For schemas, allows access to objects contained in the schema (assuming that the objects' own privilege requirements are also met). Essentially this allows the grantee to look up objects within the schema. Without this permission, it is still possible to see the object names, e.g., by querying system catalogs. Also, after revoking this permission, existing sessions might have statements that have previously performed this lookup, so this is not a completely secure way to prevent object access.

For sequences, allows use of the currval and nextval functions.

For types and domains, allows use of the type or domain in the creation of tables, functions, and other schema objects. (Note that this privilege does not control all usage of the type, such as values of the type appearing in queries. It only prevents objects from being created that depend on the type. The main purpose of this privilege is controlling which users can create dependencies on a type, which could prevent the owner from changing the type later.)

For foreign-data wrappers, allows creation of new servers using the foreign-data wrapper.

For foreign servers, allows creation of foreign tables using the server. Grantees may also create, alter, or drop their own user mappings associated with that server.


Allows a server configuration parameter to be set to a new value within the current session. (While this privilege can be granted on any parameter, it is meaningless except for parameters that would normally require superuser privilege to set.)


Allows a server configuration parameter to be configured to a new value using the ALTER SYSTEM command.

The privileges required by other commands are listed on the reference page of the respective command.

PostgreSQL grants privileges on some types of objects to PUBLIC by default when the objects are created. No privileges are granted to PUBLIC by default on tables, table columns, sequences, foreign data wrappers, foreign servers, large objects, schemas, tablespaces, or configuration parameters. For other types of objects, the default privileges granted to PUBLIC are as follows: CONNECT and TEMPORARY (create temporary tables) privileges for databases; EXECUTE privilege for functions and procedures; and USAGE privilege for languages and data types (including domains). The object owner can, of course, REVOKE both default and expressly granted privileges. (For maximum security, issue the REVOKE in the same transaction that creates the object; then there is no window in which another user can use the object.) Also, these default privilege settings can be overridden using the ALTER DEFAULT PRIVILEGES command.

Table 5.1 shows the one-letter abbreviations that are used for these privilege types in ACL (Access Control List) values. You will see these letters in the output of the psql commands listed below, or when looking at ACL columns of system catalogs.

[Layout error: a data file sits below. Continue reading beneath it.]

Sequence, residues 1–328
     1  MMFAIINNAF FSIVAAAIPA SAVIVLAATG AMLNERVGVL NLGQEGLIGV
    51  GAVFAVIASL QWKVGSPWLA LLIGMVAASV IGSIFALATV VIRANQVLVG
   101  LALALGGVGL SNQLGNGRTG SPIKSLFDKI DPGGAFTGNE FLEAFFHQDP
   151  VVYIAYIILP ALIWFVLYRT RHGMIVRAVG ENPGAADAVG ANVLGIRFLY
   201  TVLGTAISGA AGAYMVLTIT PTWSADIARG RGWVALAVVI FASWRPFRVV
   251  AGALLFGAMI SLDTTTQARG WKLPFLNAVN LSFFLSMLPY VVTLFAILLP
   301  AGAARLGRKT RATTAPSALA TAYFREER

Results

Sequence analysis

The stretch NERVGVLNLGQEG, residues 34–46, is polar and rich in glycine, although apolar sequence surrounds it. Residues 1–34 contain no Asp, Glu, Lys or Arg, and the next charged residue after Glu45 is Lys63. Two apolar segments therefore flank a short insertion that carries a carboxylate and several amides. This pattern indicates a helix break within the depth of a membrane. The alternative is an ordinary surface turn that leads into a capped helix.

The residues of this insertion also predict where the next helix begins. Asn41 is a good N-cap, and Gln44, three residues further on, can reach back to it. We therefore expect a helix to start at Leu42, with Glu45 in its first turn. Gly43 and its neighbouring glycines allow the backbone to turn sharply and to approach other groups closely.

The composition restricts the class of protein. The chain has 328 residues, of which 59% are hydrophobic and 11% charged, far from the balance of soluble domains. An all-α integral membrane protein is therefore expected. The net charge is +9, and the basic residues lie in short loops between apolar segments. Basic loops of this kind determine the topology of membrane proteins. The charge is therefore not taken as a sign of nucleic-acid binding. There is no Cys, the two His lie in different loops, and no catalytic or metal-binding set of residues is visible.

Table 5.1. ACL Privilege Abbreviations

PrivilegeAbbreviationApplicable Object Types
SELECTr (read)LARGE OBJECT, SEQUENCE, TABLE (and table-like objects), table column
INSERTa (append)TABLE, table column
REFERENCESxTABLE, table column

Table 5.2 summarizes the privileges available for each type of SQL object, using the abbreviations shown above. It also shows the psql command that can be used to examine privilege settings for each object type.

Table 5.2. Summary of Access Privileges

Object TypeAll PrivilegesDefault PUBLIC Privilegespsql Command
LARGE OBJECTrwnone\dl+
TABLE (and table-like objects)arwdDxtnone\dp
Table columnarwxnone\dp

The privileges that have been granted for a particular object are displayed as a list of aclitem entries, each having the format:


Each aclitem lists all the permissions of one grantee that have been granted by a particular grantor. Specific privileges are represented by one-letter abbreviations from Table 5.1, with * appended if the privilege was granted with grant option. For example, calvin=r*w/hobbes specifies that the role calvin has the privilege SELECT (r) with grant option (*) as well as the non-grantable privilege UPDATE (w), both granted by the role hobbes. If calvin also has some privileges on the same object granted by a different grantor, those would appear as a separate aclitem entry. An empty grantee field in an aclitem stands for PUBLIC.

As an example, suppose that user miriam creates table mytable and does:

GRANT SELECT (col1), UPDATE (col1) ON mytable TO miriam_rw;

Then psql's \dp command would show:

=> \dp mytable
                                  Access privileges
 Schema |  Name   | Type  |   Access privileges   |   Column privileges   | Policies
 public | mytable | table | miriam=arwdDxt/miriam+| col1:                +|
        |         |       | =r/miriam            +|   miriam_rw=rw/miriam |
        |         |       | admin=arw/miriam      |                       |
(1 row)

If the Access privileges column is empty for a given object, it means the object has default privileges (that is, its privileges entry in the relevant system catalog is null). Default privileges always include all privileges for the owner, and can include some privileges for PUBLIC depending on the object type, as explained above. The first GRANT or REVOKE on an object will instantiate the default privileges (producing, for example, miriam=arwdDxt/miriam) and then modify them per the specified request. Similarly, entries are shown in Column privileges only for columns with nondefault privileges. (Note: for this purpose, default privileges always means the built-in default privileges for the object's type. An object whose privileges have been affected by an ALTER DEFAULT PRIVILEGES command will always be shown with an explicit privilege entry that includes the effects of the ALTER.)

Notice that the owner's implicit grant options are not marked in the access privileges display. A * will appear only when grant options have been explicitly granted to someone.